Apache Junction officials will review a 1,000-page document detailing allegations of misconduct regarding Jay Swart, the newly hired second-in-command of the city’s police department.
City Attorney Joel Stern picked up the paperwork from the state’s Department of Administration, in charge of overseeing the Arizona Capitol Police where Swart formerly served as a captain.
Stern and Apache Junction Police Chief Glenn Walp, who hired Swart six months ago as a civilian administrator, will review the allegations, city officials have said.
The review of Swart’s background comes in the wake of a Tribune investigation which found allegations that Swart was a dictatorial manager who was the focus of no less than four internal investigations last year by Capitol Police.
Walp led the Capitol Police in 2001.
The potential misconduct included dishonesty, providing false information, insubordination and following improper procedures.
Last May, an inventory of Swart’s Capitol office turned
up items that had been impounded from previous cases: A crack pipe, marijuana and an empty envelope that was supposed to contain cash. An officer conducting the inventory didn’t know why they were in Swart’s possession.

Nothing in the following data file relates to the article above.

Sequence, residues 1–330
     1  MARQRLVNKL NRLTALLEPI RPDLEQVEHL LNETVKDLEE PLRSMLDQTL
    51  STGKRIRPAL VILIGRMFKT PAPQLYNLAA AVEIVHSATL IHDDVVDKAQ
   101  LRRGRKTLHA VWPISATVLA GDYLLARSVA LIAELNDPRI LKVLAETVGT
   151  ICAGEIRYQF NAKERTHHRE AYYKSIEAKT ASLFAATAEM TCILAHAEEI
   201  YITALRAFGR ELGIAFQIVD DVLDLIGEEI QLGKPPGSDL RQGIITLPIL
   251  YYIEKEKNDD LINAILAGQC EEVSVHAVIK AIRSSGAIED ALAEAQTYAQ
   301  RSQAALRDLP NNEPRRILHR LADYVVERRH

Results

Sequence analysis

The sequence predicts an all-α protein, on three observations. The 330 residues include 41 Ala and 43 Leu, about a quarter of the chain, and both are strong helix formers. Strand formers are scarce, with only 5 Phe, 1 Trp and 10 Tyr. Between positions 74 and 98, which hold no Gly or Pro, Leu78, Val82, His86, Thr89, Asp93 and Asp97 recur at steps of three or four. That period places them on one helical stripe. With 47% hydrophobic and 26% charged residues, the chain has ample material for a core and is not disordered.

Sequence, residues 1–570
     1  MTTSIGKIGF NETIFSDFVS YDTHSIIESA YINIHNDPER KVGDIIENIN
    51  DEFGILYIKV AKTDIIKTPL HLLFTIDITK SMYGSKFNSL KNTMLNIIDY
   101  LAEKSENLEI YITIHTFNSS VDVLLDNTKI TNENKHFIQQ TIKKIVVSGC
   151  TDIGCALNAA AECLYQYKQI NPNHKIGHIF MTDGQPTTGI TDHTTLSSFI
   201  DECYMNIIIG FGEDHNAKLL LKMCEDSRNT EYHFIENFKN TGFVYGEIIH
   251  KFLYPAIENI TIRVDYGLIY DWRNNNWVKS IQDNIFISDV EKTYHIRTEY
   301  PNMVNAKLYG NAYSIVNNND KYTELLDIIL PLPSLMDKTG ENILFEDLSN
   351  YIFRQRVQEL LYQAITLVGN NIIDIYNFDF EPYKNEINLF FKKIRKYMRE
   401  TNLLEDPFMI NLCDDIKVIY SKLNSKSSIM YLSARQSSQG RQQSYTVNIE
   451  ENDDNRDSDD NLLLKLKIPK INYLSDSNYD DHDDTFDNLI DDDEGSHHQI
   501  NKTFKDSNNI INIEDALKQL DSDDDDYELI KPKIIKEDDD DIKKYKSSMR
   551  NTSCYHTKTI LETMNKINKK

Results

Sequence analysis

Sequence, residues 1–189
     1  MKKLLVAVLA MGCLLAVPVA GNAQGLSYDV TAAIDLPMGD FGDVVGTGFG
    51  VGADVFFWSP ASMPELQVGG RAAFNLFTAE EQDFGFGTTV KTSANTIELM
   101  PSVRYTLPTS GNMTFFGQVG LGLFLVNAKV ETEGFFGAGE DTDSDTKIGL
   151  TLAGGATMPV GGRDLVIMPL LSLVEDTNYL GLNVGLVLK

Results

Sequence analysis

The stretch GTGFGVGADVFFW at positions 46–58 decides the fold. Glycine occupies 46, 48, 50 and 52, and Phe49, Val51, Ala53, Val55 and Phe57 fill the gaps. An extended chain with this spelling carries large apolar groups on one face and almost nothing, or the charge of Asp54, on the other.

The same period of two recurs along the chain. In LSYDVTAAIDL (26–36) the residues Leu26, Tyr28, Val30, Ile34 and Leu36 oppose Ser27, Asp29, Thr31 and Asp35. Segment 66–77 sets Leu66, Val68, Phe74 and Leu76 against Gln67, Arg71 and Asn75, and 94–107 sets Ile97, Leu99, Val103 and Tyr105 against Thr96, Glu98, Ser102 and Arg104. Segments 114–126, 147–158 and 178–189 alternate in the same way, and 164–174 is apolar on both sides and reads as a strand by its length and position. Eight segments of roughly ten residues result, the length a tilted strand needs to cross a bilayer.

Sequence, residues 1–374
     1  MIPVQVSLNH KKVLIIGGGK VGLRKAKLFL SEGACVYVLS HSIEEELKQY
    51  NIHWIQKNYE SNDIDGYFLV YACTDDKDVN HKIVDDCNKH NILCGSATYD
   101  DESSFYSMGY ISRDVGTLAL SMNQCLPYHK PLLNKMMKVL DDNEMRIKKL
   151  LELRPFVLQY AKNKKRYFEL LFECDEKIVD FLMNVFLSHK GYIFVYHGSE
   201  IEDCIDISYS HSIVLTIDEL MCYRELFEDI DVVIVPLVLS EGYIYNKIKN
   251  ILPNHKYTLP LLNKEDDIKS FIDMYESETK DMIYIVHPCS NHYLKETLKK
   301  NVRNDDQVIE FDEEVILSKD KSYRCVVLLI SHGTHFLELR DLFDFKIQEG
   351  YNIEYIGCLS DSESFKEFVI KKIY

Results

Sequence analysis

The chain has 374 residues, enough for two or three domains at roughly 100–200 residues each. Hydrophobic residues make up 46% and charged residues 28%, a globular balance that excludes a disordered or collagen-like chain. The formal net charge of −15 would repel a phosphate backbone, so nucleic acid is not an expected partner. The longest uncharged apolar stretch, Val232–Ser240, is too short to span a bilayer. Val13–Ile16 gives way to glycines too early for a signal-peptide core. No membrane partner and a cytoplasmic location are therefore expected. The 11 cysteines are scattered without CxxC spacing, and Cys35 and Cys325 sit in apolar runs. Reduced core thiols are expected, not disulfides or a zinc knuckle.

Apache Junction’s leaders appear to be taking the allegations seriously.
City Manager George Hoffman read a statement at Tuesday’s City Council meeting that emphasized Swart is a temporary employee who is acting as a “staffing bridge” while the department hires senior leaders.
Swart was brought onto the force by Walp without the rigorous background check normally required for peace officers.
“The chief knows that the City Council and I expect the highest level of honesty, integrity and professionalism within the department,” Hoffman said. “I anticipate, therefore, he will offer the data his closest and strictest scrutiny.”
Hoffman indicated that Swart might not be needed for the duration of his two-year contract. The city is now performing background checks on two candidates for three captain positions on the police force and anticipates extending offers.
The city is expected to create a deputy chief position in October, but recruitment for the post has not yet begun.
“The filling of these full-time positions will substantially diminish the need for temporary assistance,” Hoffman said.
Neither Hoffman nor Walp could be reached for comment Thursday.
Vice Mayor E.R. Eck Jr. said that he has heard complaints from city employees about Swart and the “baggage” of the allegations.
Swart was brought to the police department to immediately fill a void of senior leadership, Eck said. And his hiring was largely due to Walp’s recommendation.
“Of course, we have the confidence that he is going to bring in someone that’s quality,” he said. “We’ll definitely do background checks from now on.”
Eck said the council will be waiting on the review of allegations about Swart.
“I can’t stand learning from the media information about employees,” Eck said. “It’s very frustrating if that’s factual.”